Flexible solar panels that could be rolled up for easy transport and other devices would benefit from transparent metal electrodes that can conduct electricity, are stretchable, and resist damage following repeated stretching. Researchers found that topology and the adhesion between a metal nanomesh and the underlying substrate played key roles in creating such materials. The metal nanomesh can be stretched to three times its length while maintaining a transparency comparable to similar commercial materials used in solar cells and flat panel displays. Also, nanomeshes on pre-stretched slippery substrates led to electrodes that didn't wear out, even after being stretched 50,000 times.
Super stretchable, transparent metal nanomeshes are ideal electrodes for flexible electronics and pacemaker electrodes in implants.
Next-generation flexible electronics require highly stretchable and transparent electrodes. Fatigue, structural damage due to repeated use, is deadly in metals as it leads to poor conductivity and it commonly occurs in metals with repeated stretching -- even with short elongations. However, few electronic conductors are transparent and stretchable, even fewer can be cyclically stretched to a large strain without causing fatigue. Now researchers led by the University of Houston found that optimizing topology of a metal nanomesh and its adhesion to an underlying substrate improved stretchability and eliminated fatigue, while maintaining transparency.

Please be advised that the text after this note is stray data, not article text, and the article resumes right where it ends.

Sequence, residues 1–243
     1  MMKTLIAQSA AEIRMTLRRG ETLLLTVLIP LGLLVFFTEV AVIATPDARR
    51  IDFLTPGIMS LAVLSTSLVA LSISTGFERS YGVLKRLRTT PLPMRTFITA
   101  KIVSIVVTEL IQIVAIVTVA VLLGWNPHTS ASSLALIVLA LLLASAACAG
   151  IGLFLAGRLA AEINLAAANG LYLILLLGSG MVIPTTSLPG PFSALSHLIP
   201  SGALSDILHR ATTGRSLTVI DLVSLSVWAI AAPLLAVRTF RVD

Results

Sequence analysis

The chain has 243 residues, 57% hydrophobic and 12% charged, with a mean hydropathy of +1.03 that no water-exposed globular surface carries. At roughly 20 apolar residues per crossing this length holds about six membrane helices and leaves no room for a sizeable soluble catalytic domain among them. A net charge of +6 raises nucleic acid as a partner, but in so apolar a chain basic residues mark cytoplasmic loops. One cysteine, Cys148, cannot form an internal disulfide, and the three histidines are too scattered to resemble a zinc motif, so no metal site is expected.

A special lithographic technique called "grain boundary lithography" controlled the dimensions of the mesh structure. The metal nanomesh remained transparent after being stretched to three times its length. Gold nanomeshes on prestretched slippery substrates impressively showed no wear when stretched 50,000 times. The slippery surface advantageously allowed the structure of the nanomesh to reorient to relax the stress. Such electrically conductive, flexible, and transparent electrodes could lead to next-generation flexible electronics such as advanced solar cells. The nanomesh electrodes are also promising for implantable electronics because the nanomeshes are biocompatible.
This work was supported by the US Department of Energy, Office of Science, Office of Basic Energy Sciences (University of Houston); the National Science Foundation (Harvard University); National Institutes of Health (cell cultures for biocompatibility assessments); US Air Force Office of Scientific Research; T. L. L. Temple Foundation; John J. and Rebecca Moores Endowment; State of Texas; and National Natural Science Foundation of China.
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